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US military task arms maker to produce anti-air missiles for Ukraine

File photo of a NASAMS anti-air missile system

The US military has signed a $182 million contract with major American weapons maker Raytheon to manufacture NASAMS (National Advanced Surface-to-Air Missile Systems) for the Ukrainian armed forces.

The production of the short-and medium-range air defense weaponry will be carried out at Raytheon’s plants in Tewksbury, Massachusetts, with an estimated completion date of August 23, 2024, the Pentagon announced in a Friday statement.

The statement was issued just days after US President Joe Biden unveiled yet another huge military aid package for Ukraine in Washington’s persisting efforts to help Kiev continue its war against Russia, which started a special military operation in the neighboring country as a security measure against the eastern expansion of the US-led NATO military alliance.

The nearly $3 billion military assistance marks the largest single US arms package for Ukraine so far, and will include six NASAMS systems.

The weapons shipment will reportedly be funded as part of the so-called Ukraine Security Assistance Initiative (USAI), which means that the military equipment will be specifically produced for Kiev, and not taken from US arms depots.

NASAMS were described in an article published in Air Force Magazine earlier this month as a vital piece of technology that could enable Ukrainian forces to shoot down Russian cruise missiles, which have so far been striking targets in the country “nearly unhindered.”

The latest military aid for Ukraine was announced just a week after Pentagon unveiled another $775 million package of armaments for the country, including Himars missiles, artillery, and mine-clearing systems.

“We want to make sure that Ukraine has a steady stream of ammunition to meet its needs, and that’s what we’re doing with this package,” a senior US defense official told reporters last week.

According to local press reports, Biden would authorize the military aid using his Presidential Drawdown Authority, which allows him to authorize the transfer of excess weapons from US stocks.

The US has so far shipped billions of dollars worth of weaponry to Ukraine since Russian President Vladimir Putin declared a “special military operation” in Ukraine with the aim of “demilitarizing” and “denazifying” the country.

Ranging from anti-armor missiles to helicopters and beyond, the publicly-announced lethal aid packages have already exceeded $10 billion, with the vast majority of transfers happening under the Presidential Drawdown Authority.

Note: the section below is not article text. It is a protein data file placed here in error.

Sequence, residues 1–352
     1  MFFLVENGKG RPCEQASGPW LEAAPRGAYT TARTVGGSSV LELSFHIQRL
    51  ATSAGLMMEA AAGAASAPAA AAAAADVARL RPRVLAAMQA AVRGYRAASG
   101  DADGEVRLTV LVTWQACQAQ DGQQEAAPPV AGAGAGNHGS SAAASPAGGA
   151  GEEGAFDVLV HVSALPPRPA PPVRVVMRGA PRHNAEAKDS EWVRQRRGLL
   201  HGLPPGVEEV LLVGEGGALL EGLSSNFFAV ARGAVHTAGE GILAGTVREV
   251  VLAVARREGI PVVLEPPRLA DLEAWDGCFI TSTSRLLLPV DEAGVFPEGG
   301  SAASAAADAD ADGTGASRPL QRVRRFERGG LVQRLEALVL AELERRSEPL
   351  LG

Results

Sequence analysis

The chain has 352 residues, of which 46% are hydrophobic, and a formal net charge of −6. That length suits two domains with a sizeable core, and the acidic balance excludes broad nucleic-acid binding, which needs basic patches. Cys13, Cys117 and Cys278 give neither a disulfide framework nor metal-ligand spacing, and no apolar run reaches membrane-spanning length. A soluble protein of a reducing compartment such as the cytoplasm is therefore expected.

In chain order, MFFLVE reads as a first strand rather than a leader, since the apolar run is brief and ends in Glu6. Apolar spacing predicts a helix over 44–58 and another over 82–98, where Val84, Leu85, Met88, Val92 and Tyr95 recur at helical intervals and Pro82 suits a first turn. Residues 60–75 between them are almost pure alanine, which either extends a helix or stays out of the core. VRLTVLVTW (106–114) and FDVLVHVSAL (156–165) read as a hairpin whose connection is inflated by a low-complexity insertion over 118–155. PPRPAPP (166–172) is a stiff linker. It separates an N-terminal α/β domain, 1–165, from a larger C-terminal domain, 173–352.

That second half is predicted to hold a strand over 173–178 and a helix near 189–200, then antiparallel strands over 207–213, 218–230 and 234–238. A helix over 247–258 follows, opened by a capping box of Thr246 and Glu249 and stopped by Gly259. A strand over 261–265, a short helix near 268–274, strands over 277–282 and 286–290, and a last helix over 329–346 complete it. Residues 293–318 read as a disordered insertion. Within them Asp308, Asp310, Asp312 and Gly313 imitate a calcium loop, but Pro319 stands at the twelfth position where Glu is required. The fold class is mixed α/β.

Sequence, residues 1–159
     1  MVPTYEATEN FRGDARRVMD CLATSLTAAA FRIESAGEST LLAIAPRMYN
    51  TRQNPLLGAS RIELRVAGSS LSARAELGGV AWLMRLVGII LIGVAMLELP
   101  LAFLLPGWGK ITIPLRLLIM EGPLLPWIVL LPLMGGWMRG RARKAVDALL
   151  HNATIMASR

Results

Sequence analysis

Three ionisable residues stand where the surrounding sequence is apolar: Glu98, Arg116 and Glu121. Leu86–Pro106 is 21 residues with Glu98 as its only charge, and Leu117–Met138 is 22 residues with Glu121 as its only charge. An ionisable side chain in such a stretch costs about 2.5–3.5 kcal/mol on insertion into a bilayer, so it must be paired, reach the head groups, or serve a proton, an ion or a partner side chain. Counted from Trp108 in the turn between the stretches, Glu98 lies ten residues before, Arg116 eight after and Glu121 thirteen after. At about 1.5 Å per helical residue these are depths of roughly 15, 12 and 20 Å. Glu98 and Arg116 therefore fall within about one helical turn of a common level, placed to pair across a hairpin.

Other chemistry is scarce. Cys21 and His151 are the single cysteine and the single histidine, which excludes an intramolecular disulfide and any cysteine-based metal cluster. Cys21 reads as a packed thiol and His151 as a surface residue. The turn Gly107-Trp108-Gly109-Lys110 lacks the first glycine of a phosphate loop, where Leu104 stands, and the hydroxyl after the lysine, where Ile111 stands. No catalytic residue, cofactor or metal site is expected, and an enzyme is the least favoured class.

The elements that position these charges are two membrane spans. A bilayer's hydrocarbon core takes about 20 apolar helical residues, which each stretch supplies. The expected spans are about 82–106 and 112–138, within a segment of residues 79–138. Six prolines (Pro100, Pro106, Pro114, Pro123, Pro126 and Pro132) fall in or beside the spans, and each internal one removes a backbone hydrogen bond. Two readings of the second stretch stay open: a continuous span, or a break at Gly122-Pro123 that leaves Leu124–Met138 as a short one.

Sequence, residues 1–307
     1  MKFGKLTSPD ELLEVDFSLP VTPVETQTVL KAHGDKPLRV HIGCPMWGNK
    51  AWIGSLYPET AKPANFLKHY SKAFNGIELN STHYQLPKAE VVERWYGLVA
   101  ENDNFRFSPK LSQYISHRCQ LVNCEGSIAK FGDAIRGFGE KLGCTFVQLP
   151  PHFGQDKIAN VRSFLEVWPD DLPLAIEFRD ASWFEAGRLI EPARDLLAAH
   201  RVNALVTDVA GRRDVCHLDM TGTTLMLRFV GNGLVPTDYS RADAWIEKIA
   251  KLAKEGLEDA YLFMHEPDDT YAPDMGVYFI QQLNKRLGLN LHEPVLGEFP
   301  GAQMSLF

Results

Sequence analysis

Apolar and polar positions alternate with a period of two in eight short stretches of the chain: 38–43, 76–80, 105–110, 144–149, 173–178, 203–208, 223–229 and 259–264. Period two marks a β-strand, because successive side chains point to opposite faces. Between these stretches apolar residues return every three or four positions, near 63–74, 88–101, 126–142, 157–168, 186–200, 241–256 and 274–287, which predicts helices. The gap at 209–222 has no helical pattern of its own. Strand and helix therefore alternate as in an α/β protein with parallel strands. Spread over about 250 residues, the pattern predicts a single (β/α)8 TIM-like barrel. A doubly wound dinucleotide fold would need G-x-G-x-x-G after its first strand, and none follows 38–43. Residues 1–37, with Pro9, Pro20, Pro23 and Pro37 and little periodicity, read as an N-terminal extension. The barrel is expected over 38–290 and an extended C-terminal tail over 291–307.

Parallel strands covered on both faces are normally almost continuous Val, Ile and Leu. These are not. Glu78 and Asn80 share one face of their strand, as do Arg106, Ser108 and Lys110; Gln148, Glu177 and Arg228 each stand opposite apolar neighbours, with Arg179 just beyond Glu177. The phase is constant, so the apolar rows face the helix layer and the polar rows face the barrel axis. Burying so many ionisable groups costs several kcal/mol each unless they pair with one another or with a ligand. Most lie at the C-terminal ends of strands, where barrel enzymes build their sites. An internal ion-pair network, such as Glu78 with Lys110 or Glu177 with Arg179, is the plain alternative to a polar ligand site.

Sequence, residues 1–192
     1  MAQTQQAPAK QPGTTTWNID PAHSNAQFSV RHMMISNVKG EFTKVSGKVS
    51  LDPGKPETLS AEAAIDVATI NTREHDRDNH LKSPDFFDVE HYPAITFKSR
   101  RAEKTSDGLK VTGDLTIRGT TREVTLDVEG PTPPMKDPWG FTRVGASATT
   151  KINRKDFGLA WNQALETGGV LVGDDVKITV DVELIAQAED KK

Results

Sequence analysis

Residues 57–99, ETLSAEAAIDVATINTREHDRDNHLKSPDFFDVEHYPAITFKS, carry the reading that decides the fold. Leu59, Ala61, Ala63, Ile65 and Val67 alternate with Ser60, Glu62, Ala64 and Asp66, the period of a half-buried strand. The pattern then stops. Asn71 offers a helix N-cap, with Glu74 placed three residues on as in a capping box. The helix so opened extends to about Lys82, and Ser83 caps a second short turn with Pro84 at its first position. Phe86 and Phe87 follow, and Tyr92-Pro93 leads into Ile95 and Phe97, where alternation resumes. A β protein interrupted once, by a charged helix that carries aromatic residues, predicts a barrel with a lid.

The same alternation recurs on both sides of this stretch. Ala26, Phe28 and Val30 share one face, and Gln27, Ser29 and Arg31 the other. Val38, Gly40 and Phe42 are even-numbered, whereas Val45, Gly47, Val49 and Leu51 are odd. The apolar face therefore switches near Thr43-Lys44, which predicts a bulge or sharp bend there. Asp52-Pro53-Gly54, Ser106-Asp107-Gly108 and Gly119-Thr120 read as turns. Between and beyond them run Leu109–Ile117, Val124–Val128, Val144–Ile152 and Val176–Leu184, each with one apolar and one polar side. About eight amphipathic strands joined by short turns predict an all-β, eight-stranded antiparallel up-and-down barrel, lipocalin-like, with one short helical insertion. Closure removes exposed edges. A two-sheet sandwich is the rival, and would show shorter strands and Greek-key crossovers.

Since the beginning of August, the Pentagon has announced two other military aid packages worth $550 million and $1 billion. They include HIMARS ammunition, artillery ammunition, Javelin missiles and other anti-armor weapons.

Most of the funding for those weapons comes from money that Congress has set aside to arm Kiev. Congress has approved two aid packages for Ukraine, including $13.6 billion in March and $40 billion in May. Half of those amounts were earmarked for military assistance.

Meanwhile, US media outlets also unveiled last week that Washington was providing Ukraine with more weapons than the Biden administration had publicly announced.

"Rumors are swirling around Washington that the United States" military provided Ukraine with more weapons than announced, Politico reported last Monday.

According to the report, a senior Pentagon official had revealed earlier that the US military had quietly been supplying the Ukrainian forces with High-speed Anti-Radiation Missiles (HARM) for some time to target Russian radar systems.

This is while Interpol raised concern that many of the arms shipped to Kiev will be sold, ending up in the hands of criminals.

“The high availability of weapons during the current conflict will result in the proliferation of illicit arms in the post-conflict phase,” Secretary General of the International Criminal Police Organization Juergen Stock warned.

Moscow has long been critical of weapons supplies to Kiev by Washington and its allies, saying that they only prolong the conflict and increase the risk of a direct confrontation between NATO and Russia.

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